We have been involved in the development of three cognitive architectures: ACT-R, Soar and Sigma. Other researchers have also been busy on alternative approaches. One paper identified nearly 50 active cognitive architectures. This proliferation of architectures is partly a direct reflection of the multiple perspectives involved, and partly an exploration of a wide array of potential solutions. Yet, whatever the cause, it raises awkward questions both scientifically and with respect to finding a coherent path to AGI.
Fortunately, this proliferation has brought the field to a major inflection point. The three of us have identified a striking convergence among architectures, reflecting a combination of neural, behavioral and computational studies. In response, we initiated a communitywide effort to capture this convergence in a manner akin to the Standard Model of Particle Physics that emerged in the second half of the 20th century.
This Common Model of Cognition divides humanlike thought into multiple modules, with a short-term memory module at the center of the model. The other modules—perception, action, skills and knowledge—interact through it.
Learning, rather than occurring intentionally, happens automatically as a side effect of processing. In other words, you don't decide what is stored in long-term memory. Instead, the architecture determines what is learned based on whatever you do think about. This can yield learning of new facts you are exposed to or new skills that you attempt. It can also yield refinements to existing facts and skills.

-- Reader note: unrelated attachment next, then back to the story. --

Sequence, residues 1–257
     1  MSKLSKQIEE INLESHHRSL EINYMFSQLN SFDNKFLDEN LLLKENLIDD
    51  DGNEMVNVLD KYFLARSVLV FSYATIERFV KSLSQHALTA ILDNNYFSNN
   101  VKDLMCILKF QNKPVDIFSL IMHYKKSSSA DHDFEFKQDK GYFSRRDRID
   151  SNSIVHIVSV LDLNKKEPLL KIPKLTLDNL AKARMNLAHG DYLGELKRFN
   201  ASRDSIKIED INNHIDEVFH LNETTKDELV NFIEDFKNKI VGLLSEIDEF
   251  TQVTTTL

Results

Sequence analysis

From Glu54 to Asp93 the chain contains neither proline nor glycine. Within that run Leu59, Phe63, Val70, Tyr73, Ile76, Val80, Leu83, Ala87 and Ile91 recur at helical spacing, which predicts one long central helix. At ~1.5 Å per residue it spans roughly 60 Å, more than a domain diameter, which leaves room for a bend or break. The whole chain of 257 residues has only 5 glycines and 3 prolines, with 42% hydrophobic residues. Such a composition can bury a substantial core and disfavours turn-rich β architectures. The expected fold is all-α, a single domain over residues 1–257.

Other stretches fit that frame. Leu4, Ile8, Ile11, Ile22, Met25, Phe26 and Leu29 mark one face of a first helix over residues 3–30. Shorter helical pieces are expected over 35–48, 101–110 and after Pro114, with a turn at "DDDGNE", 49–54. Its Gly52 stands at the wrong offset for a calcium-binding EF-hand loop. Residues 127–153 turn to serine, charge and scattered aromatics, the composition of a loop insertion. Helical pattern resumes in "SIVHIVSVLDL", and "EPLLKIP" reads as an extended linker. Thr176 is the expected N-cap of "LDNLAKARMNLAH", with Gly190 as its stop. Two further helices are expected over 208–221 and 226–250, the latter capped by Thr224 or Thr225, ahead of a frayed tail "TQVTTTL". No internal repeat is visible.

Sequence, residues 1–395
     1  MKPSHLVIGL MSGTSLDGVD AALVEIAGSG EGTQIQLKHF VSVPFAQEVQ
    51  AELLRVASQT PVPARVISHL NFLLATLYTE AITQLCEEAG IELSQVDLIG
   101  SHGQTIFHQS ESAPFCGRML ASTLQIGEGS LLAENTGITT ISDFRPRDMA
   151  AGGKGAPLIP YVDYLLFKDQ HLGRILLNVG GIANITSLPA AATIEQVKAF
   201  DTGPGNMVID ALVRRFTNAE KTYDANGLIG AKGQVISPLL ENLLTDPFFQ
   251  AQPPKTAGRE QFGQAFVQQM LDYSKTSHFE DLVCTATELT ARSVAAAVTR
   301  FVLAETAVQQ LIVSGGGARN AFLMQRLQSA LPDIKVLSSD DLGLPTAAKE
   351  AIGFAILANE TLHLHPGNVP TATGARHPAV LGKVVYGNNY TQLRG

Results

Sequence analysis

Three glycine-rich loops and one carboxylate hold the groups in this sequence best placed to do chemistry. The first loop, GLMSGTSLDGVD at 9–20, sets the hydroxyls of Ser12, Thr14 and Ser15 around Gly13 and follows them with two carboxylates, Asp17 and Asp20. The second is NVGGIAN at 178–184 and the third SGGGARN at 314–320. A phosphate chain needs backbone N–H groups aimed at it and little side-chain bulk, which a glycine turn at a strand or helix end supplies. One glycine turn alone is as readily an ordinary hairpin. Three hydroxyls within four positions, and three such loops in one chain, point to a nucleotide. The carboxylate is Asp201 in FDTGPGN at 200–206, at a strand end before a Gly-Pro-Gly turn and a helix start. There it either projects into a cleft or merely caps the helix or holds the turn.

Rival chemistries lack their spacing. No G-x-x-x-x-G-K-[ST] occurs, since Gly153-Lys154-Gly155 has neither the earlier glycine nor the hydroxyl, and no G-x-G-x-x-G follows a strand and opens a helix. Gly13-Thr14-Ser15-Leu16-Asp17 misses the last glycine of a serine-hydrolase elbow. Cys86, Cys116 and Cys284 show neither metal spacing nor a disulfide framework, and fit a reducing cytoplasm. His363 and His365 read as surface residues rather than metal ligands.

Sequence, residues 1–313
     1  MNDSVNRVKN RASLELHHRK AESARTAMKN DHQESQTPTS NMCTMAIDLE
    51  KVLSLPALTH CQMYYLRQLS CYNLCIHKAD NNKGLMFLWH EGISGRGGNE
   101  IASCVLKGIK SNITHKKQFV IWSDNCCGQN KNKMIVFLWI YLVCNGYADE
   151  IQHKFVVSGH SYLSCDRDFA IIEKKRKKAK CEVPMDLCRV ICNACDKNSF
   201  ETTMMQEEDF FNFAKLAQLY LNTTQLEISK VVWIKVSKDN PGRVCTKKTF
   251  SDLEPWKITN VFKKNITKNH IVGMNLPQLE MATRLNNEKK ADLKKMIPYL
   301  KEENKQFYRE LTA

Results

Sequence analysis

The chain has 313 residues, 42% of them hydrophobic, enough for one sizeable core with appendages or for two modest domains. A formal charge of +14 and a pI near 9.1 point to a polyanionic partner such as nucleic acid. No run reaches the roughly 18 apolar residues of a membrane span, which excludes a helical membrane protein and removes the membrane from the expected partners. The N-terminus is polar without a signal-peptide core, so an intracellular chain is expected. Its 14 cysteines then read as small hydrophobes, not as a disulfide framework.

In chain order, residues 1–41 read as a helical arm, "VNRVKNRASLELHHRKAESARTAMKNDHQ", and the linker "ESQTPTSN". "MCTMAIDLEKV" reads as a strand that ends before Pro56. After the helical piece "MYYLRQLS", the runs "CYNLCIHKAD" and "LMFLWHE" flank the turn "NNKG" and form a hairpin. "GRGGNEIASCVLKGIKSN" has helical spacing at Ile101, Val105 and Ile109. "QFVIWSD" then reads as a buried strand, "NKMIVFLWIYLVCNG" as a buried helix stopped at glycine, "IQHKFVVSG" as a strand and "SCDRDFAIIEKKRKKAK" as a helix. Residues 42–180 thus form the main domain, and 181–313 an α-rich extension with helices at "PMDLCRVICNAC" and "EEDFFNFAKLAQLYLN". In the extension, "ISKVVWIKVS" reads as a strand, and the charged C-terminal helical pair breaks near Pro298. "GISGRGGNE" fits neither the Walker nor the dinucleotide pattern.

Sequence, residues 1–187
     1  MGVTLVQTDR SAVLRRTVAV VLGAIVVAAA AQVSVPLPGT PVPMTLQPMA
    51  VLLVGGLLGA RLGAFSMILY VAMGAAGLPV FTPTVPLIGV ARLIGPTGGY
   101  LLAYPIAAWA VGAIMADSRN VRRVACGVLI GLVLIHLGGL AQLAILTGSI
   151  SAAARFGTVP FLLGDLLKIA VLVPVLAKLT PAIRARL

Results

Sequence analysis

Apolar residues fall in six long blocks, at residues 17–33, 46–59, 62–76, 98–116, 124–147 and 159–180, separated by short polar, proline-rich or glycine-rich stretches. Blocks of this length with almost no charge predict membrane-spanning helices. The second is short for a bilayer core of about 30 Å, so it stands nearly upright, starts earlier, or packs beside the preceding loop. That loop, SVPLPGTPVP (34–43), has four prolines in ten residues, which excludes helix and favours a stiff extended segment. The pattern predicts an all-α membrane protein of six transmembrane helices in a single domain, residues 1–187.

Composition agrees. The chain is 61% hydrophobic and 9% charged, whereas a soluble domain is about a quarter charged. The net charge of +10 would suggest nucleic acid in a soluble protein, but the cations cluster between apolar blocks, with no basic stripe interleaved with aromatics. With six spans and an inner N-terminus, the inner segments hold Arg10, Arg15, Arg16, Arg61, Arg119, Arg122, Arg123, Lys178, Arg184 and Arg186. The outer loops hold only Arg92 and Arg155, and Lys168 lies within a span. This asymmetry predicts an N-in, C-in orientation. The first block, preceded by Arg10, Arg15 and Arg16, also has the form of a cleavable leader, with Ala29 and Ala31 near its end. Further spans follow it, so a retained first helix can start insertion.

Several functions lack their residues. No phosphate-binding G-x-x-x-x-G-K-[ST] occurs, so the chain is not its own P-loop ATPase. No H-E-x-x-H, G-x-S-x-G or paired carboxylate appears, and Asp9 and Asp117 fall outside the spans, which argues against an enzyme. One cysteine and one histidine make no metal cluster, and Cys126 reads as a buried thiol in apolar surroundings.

The modules themselves operate in parallel; for example, allowing you to remember something while listening and looking around your environment. Each module's computations are massively parallel, meaning many small computational steps happening at the same time. For example, in retrieving a relevant fact from a vast trove of prior experiences, the long-term memory module can determine the relevance of all known facts simultaneously, in a single step.
Guiding the way to Artificial General Intelligence
The Common Model is based on the current consensus in research in cognitive architectures and has the potential to guide research on both natural and artificial general intelligence. When used to model communication patterns in the brain, the Common Model yields more accurate results than leading models from neuroscience. This extends its ability to model humans—the one system proven capable of general intelligence—beyond cognitive considerations to include the organization of the brain itself.
We are starting to see efforts to relate existing cognitive architectures to the Common Model and to use it as a baseline for new work—for example, an interactive AI designed to coach people toward better health behavior. One of us was involved in developing an AI based on Soar, dubbed Rosie, that learns new tasks via instructions in English from human teachers. It learns 60 different puzzles and games and can transfer what it learns from one game to another. It also learns to control a mobile robot for tasks such as fetching and delivering packages and patrolling buildings.
Rosie is just one example of how to build an AI that approaches AGI via a cognitive architecture that is well characterized by the Common Model. In this case, the AI automatically learns new skills and knowledge during general reasoning that combines natural language instruction from humans and a minimal amount of experience—in other words, an AI that functions more like a human mind than today's AIs, which learn via brute computing force and massive amounts of data.
From a broader AGI perspective, we look to the Common Model both as a guide in developing such architectures and AIs, and as a means for integrating the insights derived from those attempts into a consensus that ultimately leads to AGI.
This article is republished from The Conversation under a Creative Commons license. Read the original article.